Great Plates Delivered delivers to seniors in need

Great+Plates+Delivered%2C+a+state-funded+nutrition+program+for+seniors+helps+keep+those+most+at+risk+healthy+and+fed+during+these+troubling+times.+

Oliver Fichte

Great Plates Delivered, a state-funded nutrition program for seniors helps keep those most at risk healthy and fed during these troubling times.

For those at risk for COVID-19, going outside is more dangerous now than it ever has been, limiting the ability for some to get the food they need to survive. Thankfully, due to the state program, Great Plates Delivered, this is no longer too large of an issue. The program, which was initially released last year at the beginning of May, was temporarily extended for another few weeks on Jan. 5, currently up until Feb. 6.

Cristina Ugaitafa, a community program analyst for aging and adult services at San Mateo County Health, further explained this program. 

“The way that the program has affected [seniors], would be to help to provide a nutritious meal for them,” Ugaitafa said. “That way, they don’t have to go out to get the meals themselves, which would maybe put them at risk because of their age.”

The program gives food to adults 65 and older without a community support system or family and tries to match their food to make it culturally comfortable. The program attempts to use local restaurants, choosing those close to the patrons they have to serve. Those who receive food from the program get three meals per day, six days per week (Monday-Saturday). However, the seniors aren’t the only ones who benefit from the program; so do local restaurants in the affected areas.

“The benefit of the program is not only that the older adults are getting the meals, but that it’s helping the restaurants as well,” Ugaitafa said.

People and restaurants have been struggling with the pandemic since it began, but this program can help around 3000 Californian seniors get through it a bit more easily. The program has given a lot back to the communities who supported it, giving restaurants some customers to buy their food and giving it to those who need it. 

“The dollar amount that’s been put out back into the community from the restaurants that are in this program [is] $30,069,006,” Ugaitafa said.

Great Plates Delivered by Oliver Fichte

However, there are some restrictions and eligibility concerns regarding Great Plates Delivered; not everyone can receive these free meals. As stated earlier, Adults 65 and older are eligible, but so are adults 60-64 with high COVID-19 risk. These people would usually have to be people who live alone or with another qualified person, as those with families or community support would be able to get food from those people. Those who receive other government nutrition plans are also not eligible; this includes SNAP (Supplemental Nutrition Assistance Program)/food stamps and other programs such as Meals on Wheels/home-delivered meals. There is also an income barrier.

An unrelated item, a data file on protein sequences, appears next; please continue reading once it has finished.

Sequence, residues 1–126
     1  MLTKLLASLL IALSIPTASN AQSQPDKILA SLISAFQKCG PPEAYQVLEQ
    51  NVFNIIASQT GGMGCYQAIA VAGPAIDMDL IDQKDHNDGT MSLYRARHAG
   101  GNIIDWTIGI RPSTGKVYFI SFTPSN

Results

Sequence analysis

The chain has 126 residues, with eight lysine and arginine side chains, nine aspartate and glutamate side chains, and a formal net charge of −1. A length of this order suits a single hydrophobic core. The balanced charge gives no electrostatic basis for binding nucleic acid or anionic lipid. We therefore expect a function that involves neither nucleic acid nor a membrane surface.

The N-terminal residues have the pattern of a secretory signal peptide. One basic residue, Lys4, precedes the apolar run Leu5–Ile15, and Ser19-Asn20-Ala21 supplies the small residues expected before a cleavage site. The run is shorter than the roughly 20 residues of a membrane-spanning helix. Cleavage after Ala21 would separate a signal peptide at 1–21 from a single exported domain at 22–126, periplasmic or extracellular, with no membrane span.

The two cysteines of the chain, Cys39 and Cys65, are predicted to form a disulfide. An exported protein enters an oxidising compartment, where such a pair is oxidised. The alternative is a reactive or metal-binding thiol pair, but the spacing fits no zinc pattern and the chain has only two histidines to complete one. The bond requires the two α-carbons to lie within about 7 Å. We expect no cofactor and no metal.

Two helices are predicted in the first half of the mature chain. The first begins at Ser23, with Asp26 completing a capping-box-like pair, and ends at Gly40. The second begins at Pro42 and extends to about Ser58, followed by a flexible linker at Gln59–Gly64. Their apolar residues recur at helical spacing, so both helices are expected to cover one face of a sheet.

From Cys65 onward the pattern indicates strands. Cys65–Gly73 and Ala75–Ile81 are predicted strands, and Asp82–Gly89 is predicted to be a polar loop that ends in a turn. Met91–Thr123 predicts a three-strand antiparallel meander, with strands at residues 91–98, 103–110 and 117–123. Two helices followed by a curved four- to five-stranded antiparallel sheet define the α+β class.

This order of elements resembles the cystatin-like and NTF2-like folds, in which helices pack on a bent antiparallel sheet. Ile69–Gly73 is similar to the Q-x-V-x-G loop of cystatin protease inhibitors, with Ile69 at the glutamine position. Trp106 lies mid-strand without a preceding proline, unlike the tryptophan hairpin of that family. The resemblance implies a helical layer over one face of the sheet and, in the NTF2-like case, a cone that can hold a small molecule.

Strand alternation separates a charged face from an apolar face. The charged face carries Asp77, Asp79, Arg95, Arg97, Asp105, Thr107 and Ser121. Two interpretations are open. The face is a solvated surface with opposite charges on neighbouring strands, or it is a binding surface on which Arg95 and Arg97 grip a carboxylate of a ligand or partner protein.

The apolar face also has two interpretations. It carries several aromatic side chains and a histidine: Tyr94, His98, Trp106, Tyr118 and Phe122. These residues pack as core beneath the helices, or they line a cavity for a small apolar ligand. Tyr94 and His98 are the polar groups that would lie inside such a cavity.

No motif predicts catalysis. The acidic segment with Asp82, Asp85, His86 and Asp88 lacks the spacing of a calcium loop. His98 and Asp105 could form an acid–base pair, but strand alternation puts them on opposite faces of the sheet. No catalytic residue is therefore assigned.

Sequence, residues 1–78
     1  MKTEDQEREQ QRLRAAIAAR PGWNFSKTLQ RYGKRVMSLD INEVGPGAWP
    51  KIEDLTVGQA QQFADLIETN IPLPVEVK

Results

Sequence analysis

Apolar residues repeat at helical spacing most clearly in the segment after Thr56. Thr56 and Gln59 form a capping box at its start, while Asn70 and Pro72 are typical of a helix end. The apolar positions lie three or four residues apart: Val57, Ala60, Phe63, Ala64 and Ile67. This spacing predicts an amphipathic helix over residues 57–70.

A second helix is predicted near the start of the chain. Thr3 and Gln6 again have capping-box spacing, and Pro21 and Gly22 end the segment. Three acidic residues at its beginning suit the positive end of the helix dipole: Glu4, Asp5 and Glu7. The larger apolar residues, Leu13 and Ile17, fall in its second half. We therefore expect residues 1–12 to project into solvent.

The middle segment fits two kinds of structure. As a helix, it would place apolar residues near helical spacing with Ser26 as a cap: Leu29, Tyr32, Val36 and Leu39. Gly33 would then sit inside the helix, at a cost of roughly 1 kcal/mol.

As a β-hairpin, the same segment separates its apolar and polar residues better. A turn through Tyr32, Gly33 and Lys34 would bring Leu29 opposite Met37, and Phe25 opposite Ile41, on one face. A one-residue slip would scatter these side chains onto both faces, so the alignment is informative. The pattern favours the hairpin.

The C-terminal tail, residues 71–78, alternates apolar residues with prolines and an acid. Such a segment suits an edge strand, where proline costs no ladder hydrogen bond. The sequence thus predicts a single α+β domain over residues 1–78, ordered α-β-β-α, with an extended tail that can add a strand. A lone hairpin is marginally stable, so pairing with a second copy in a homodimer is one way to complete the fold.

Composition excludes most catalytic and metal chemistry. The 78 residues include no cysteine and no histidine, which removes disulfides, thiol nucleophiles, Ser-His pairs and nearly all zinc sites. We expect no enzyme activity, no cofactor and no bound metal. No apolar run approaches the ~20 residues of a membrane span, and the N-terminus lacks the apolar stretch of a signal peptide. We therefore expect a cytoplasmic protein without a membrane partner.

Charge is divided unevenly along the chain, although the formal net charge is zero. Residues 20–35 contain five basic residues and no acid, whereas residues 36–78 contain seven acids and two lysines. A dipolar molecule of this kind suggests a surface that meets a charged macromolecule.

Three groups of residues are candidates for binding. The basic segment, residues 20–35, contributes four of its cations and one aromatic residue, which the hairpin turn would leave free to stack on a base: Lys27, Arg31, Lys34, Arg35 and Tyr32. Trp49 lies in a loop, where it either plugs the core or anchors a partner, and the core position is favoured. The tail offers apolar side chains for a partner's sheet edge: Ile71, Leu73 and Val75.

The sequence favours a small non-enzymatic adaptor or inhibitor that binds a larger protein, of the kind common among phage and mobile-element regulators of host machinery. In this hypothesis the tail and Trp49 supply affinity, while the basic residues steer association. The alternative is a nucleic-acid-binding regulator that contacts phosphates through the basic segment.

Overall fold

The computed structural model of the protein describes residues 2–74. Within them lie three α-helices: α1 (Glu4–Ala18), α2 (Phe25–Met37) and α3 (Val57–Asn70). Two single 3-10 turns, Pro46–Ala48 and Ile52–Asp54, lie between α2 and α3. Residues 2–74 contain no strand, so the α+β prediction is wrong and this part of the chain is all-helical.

“Their income cannot exceed $74,940 for a household of one. And if they have a household of two, their income cannot exceed $101,460,” Ugaitafa said.

Carlmont’s students also agree with the services the program delivers. Ethan Mak, a Junior at Carlmont, was glad that there was help for those who couldn’t help themselves. 

“I think it’s great that they’re doing this program to help, especially the elderly because they’re unable to. A lot of them are having trouble accessing restaurants and stuff, especially during these times,” Mak said.

He also thought that it was good that the restaurants were getting support through the pandemic, given the fact that they lost many customers due to restaurants not being fully open.

“It’s helpful to the restaurants too because it allows them to have customers,” Mak said.

 Sam Ahn, a sophomore at Carlmont, thought it was good to have a plan to help those in need, especially during these trying times. 

“I think that it’s really important during this COVID-19 season, especially because it’s been like nine months without, people [having] a stable income source,” Ahn said.

 Ahn thought that the program was very helpful, even for the restaurants providing the food.

“It’ll help our community because the businesses that aren’t able to get their full income from regular customers can still get income from the people who need the food,” Ahn said.

 

 

 

However, even though he mentioned that the program was helpful, he also thought it must be expensive. Ahn also offered some advice about funding the program, explaining an alternative solution to pure government spending: community involvement. His reasoning for this was that people, especially those who live in Belmont, San Carlos, and Redwood Shores, could donate to those who need it. 

“[They should] allow people to donate money to help these people … We can spare a little bit of money to help people who need it,” Ahn said. 

Regardless if state-funded or community funded, Great Plates Delivered is now continuing, at least until March. Until then, it will help feed the senior community and fuel the businesses that might not have been able to on their own through this difficult pandemic.

“It seems like a good program,” Ahn said.